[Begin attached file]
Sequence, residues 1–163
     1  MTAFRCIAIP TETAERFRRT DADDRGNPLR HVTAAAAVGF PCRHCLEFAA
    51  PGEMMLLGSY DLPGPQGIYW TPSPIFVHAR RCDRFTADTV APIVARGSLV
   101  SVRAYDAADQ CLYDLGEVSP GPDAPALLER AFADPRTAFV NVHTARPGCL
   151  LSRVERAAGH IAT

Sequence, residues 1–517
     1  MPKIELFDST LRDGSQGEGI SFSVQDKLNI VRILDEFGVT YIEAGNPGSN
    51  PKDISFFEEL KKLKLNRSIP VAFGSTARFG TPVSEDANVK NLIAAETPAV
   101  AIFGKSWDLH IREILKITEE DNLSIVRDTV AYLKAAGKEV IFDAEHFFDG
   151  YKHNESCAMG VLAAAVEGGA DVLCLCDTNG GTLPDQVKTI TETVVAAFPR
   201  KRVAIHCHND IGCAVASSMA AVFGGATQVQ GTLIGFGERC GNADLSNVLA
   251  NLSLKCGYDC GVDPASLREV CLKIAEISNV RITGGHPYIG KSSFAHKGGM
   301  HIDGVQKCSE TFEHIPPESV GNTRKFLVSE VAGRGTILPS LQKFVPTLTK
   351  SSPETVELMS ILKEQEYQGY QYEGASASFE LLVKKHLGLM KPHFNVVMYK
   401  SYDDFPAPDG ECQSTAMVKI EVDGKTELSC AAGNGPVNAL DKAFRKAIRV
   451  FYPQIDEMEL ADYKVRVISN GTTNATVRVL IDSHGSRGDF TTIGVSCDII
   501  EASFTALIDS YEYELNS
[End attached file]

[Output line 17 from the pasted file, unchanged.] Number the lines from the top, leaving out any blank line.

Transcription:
   501  EASFTALIDS YEYELNS